Cypriot teens put aside differences in B.G.

Program focuses on similarities between Muslims, Christians




Tammy Haas displays a sign she and her husband, Vern, prepared to greet two Cypriot students, one Greek and one Turkish, they are hosting this month at their Battle Ground home.

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Cyprus Friendship

Cyprus Friendship

They listen to Maroon 5, Aerosmith and Bon Jovi, watch TV programs such as “Criminal Minds” and “Modern Family,” and enjoy shopping at Forever 21.

The sister tastes of Aria Louis and Cagla Izkan, residents of the Republic of Cyprus in the Mediterrean Sea, provide no inkling they are children of longtime territorial enemies. However, the history books and their families’ collective war stories remind them of the literal and figurative walls that divide their people.

Louis, a Greek Cypriot, is a Greek Orthodox Christian, while Izkan, a member of the Turkish Cypriot minority, is Muslim. Their relatives fought on different sides of a military conflict during the 1960s and 1970s that left hundreds dead and tens of thousands displaced. Travel between the two sections of the island was restricted until spring 2003.

The wounds of the deadly struggle and the bad blood that followed remain fresh, the teens agreed.

Today, the 17-year-olds are roommates in Battle Ground as part of the monthlong Cyprus Friendship program designed to show teens from the two Cypriot factions they have much in common even if decades of history suggests otherwise. Louis and Izkan are among 60 students participating in the program. The majority are on the East Coast.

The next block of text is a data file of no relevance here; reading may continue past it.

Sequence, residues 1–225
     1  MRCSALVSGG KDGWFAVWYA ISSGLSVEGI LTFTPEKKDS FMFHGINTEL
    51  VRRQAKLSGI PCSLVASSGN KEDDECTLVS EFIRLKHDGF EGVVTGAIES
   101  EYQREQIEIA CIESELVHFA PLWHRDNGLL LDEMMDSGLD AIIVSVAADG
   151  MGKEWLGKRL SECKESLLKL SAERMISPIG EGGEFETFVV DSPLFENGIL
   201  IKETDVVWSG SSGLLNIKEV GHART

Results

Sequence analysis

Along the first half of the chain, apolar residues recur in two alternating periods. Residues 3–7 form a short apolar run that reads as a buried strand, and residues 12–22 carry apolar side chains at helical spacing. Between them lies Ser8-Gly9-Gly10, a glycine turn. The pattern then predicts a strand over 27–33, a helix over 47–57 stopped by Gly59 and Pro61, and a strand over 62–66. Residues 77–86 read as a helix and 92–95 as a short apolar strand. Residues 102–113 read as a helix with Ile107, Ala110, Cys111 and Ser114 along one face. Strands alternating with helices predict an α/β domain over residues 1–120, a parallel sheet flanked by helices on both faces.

“I didn’t want to grow up hating the unknown,” Louis said when asked why she enrolled in the program. “I decided this would be a great opportunity to form my own opinions.”

Louis and Izkan are learning about American food and agriculture, sustainability practices in the Portland metro area and, perhaps most important, each other’s lands and customs.

Greek Cypriots make up around 80 percent of the island’s more than 1.1 million residents, and live in the south and central area of the island. Turkish Cypriots live on the northern part of the island. Until 2003, the two sides rarely interacted because travel was restricted.

Louis’ and Izkan’s childhoods were spent wondering who the enemy was. Borders were blocked. The idea of visiting the enemy’s side was far-fetched.

“I didn’t even know what Greeks looked like,” Izkan said, joking she wondered if they were small or green.

Louis lives in rural Cyprus and has an olive complexion and speaks fluent English, courtesy of a childhood spent partially in Toronto. Izkan has darker skin, lives near the water and speaks English with an Eastern European inflection. They bonded over their love of Forever 21 clothing store — a store that does not exist in Cyprus.

Their camaraderie is easy, natural, effortless, like longtime friends.

Louis and Izkan are staying with Tammy and Vern Haas. The couple have hosted kids from Japan, Chile and Columbia in previous years. The experiences affords them the opportunity to learn about other cultures, said the host mother, who is president-elect of the Lewis River Rotary Club in Battle Ground. Sponsors are vital because travel costs are around $4,000 round-trip, she noted.

The past won’t be buried, Izkan noted, but perhaps the present and future will be better because of what they learn this month.

“I can’t forget but I can forgive,” Izkan said, repeating a line her mother uses. Her mother, she added, originally opposed her participation in Cyprus Friendship.

“We have lost loved ones,” Louis added, “but, at the end of the day, why can’t we give each other a chance?”

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